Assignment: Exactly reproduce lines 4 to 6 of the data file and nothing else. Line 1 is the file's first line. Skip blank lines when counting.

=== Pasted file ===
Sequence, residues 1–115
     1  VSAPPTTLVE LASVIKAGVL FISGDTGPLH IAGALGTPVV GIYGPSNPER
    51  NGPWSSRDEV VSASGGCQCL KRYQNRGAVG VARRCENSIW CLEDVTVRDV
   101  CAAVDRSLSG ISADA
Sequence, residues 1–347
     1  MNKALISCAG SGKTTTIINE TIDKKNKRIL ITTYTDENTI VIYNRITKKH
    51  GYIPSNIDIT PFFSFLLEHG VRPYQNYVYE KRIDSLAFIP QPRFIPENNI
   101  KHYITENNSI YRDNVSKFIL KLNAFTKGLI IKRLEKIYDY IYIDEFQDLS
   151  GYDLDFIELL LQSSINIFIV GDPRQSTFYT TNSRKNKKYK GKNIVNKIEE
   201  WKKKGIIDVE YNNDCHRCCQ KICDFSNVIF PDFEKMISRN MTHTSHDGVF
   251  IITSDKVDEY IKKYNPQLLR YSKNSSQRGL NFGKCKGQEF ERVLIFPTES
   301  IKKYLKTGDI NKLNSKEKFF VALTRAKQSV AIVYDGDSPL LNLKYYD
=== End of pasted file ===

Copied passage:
   101  CAAVDRSLSG ISADA
Sequence, residues 1–347
     1  MNKALISCAG SGKTTTIINE TIDKKNKRIL ITTYTDENTI VIYNRITKKH